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Putting the Corporation in its Place

  • Timothy Guinnane
  • Ron Harris
  • Naomi R. Lamoreaux
  • Jean-Laurent Rosenthal

This article challenges the idea that the corporation is a globally superior form of business organization and that the Anglo-American common-law is more conducive to economic development than the code-based legal systems characteristic of continental Europe. Although the corporation had important advantages over the main alternative form of organization (partnerships), it also had disadvantages that limited its appeal to small- and medium-sized enterprises (SMEs). As a result, when businesses were provided with an intermediate choice, the private limited liability company (PLLC) that combined the advantages of legal personhood and joint stock with a flexible internal organizational structure, most chose not to organize as corporations. This article tracks the changes that occurred in the menu of business organizational forms in two common-law countries (the UK and the US) and two countries governed by legal codes (France and Germany) and presents data showing the rapidity with which firms in each country responded to enabling legislation for PLLCs. We show that the PLLC was introduced first and most easily in a code country (Germany) and last and with the most difficulty in a common-law country (the US). Late introduction was associated with prolonged use of the partnership form, suggesting that the disadvantages of corporations did indeed weigh heavily on SMEs.

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File URL: http://www.nber.org/papers/w13109.pdf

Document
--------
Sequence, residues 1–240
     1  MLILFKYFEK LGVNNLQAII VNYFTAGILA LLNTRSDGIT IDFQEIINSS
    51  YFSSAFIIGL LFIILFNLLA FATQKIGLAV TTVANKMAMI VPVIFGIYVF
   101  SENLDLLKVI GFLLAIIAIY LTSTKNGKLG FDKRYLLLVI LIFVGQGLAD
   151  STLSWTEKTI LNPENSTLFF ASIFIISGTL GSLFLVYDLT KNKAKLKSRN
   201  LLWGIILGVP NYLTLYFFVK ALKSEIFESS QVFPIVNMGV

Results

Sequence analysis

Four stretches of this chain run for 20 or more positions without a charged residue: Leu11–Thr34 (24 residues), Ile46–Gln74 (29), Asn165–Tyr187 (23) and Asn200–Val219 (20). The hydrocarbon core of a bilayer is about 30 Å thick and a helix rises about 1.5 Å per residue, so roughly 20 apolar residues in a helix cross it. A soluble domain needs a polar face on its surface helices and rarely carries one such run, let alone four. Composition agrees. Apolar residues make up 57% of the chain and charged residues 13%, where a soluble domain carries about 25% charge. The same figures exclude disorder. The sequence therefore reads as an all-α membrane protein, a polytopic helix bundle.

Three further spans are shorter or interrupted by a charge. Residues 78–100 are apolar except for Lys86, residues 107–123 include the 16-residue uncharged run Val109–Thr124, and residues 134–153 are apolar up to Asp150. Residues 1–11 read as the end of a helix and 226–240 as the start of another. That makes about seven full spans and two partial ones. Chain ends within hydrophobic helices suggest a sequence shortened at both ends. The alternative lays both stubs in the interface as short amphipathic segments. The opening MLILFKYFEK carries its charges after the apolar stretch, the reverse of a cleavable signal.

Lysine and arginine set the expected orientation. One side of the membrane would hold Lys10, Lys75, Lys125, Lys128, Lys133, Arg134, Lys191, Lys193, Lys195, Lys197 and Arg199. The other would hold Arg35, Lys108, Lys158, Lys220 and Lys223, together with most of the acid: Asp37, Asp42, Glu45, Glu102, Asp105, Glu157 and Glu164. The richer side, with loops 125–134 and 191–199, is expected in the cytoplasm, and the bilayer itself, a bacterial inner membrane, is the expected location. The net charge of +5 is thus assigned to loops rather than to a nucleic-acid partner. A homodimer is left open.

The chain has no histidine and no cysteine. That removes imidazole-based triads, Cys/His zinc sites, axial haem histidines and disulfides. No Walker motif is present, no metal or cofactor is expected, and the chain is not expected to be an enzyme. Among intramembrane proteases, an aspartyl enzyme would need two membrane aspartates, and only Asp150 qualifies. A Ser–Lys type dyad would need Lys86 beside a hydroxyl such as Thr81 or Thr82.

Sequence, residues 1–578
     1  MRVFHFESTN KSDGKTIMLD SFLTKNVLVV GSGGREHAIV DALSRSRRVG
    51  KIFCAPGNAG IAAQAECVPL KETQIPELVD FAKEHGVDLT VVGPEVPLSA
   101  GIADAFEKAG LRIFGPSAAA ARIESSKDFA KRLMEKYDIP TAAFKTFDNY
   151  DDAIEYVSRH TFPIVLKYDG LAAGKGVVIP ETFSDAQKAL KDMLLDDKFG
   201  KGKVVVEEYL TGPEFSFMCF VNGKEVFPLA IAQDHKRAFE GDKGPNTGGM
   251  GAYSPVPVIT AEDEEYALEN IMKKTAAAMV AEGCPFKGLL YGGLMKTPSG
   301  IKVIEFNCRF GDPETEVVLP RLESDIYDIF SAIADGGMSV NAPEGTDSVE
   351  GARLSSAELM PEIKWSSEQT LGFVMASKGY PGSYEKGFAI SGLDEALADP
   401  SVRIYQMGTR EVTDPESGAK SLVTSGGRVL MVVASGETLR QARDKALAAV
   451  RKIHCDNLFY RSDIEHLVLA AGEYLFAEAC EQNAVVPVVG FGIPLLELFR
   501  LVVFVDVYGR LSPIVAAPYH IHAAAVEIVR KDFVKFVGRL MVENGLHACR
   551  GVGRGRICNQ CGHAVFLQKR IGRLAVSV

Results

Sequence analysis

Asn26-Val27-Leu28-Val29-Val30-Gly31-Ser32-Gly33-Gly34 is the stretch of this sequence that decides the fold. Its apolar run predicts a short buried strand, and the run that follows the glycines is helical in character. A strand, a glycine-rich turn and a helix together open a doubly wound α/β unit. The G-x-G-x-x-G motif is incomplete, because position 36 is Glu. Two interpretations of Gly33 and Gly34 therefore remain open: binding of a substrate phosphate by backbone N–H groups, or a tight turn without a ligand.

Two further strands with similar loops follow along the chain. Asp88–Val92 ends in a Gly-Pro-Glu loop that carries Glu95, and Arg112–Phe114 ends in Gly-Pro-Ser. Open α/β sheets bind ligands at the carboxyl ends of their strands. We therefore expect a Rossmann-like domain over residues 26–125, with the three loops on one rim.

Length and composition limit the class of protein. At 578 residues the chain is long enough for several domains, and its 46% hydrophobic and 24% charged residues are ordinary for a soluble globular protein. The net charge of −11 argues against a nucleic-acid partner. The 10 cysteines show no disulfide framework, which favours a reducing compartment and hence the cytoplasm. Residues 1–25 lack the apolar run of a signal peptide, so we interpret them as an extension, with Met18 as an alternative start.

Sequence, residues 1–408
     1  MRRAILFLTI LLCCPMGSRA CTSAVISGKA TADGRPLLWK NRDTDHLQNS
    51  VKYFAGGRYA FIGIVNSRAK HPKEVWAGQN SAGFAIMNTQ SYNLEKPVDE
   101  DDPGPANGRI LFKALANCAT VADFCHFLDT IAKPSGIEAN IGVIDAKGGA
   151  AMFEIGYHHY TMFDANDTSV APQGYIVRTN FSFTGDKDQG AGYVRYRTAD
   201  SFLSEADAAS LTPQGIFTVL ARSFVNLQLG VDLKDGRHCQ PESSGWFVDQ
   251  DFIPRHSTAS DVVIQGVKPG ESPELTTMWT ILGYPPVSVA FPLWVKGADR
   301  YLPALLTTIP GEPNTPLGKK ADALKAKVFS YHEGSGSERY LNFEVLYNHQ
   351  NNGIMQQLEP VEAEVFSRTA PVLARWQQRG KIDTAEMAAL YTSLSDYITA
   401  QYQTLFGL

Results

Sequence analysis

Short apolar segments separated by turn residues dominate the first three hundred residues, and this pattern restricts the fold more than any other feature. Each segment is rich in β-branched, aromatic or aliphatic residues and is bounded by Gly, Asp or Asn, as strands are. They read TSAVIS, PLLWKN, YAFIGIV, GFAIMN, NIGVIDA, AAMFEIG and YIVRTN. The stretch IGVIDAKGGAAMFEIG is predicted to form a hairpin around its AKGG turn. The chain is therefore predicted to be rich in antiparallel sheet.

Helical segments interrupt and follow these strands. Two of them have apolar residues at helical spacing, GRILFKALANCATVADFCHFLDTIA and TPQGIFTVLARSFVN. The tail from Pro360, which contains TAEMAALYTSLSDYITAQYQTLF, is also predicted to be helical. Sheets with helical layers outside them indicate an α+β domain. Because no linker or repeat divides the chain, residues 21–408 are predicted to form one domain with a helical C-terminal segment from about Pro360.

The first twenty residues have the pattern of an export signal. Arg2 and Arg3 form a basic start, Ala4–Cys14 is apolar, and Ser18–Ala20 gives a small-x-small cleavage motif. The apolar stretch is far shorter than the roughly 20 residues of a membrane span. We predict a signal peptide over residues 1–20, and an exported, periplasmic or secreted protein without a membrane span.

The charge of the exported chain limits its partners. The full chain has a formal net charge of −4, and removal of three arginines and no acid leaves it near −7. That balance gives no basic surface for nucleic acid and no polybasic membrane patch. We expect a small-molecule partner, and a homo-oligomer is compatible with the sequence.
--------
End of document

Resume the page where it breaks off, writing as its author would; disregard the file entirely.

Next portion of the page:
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Paper provided by National Bureau of Economic Research, Inc in its series NBER Working Papers with number 13109.

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Date of creation: May 2007
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Publication status: published as Enterprise Soc (2007) 8 (3): 687-729. doi: 10.1093/es/khm067 First published online: July 19, 2007
Handle: RePEc:nbr:nberwo:13109
Note: DAE LE CF
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  1. Rafael LaPorta & Florencio Lopez-de-Silanes & Andrei Shleifer & Robert W. Vishny, . "Legal Determinants of External Finance," Working Paper 19443, Harvard University OpenScholar.
  2. Cull, Robert & Davis, Lance E. & Lamoreaux, Naomi R. & Rosenthal, Jean-Laurent, 2006. "Historical financing of small- and medium-size enterprises," Journal of Banking & Finance, Elsevier, vol. 30(11), pages 3017-3042, November.
  3. Demsetz, Harold & Lehn, Kenneth, 1985. "The Structure of Corporate Ownership: Causes and Consequences," Journal of Political Economy, University of Chicago Press, vol. 93(6), pages 1155-77, December.
  4. Naomi R. Lamoreaux & Jean-Laurent Rosenthal, 2006. "Corporate Governance and the Plight of Minority Shareholders in the United States before the Great Depression," NBER Chapters, in: Corruption and Reform: Lessons from America's Economic History, pages 125-152 National Bureau of Economic Research, Inc.
  5. Patrick BOLTON & Ernst-Ludwig VON THADDEN, 1996. "Blocks, Liquidity, and Corporate Control," Cahiers de Recherches Economiques du Département d'Econométrie et d'Economie politique (DEEP) 9619, Université de Lausanne, Faculté des HEC, DEEP.
  6. repec:cup:cbooks:9780521032032 is not listed on IDEAS
  7. Zwiebel, Jeffrey, 1995. "Block Investment and Partial Benefits of Corporate Control," Review of Economic Studies, Wiley Blackwell, vol. 62(2), pages 161-85, April.
  8. Stanley E. Howard, 1934. "The Limited Partnership in New Jersey," The Journal of Business, University of Chicago Press, vol. 7, pages 296.
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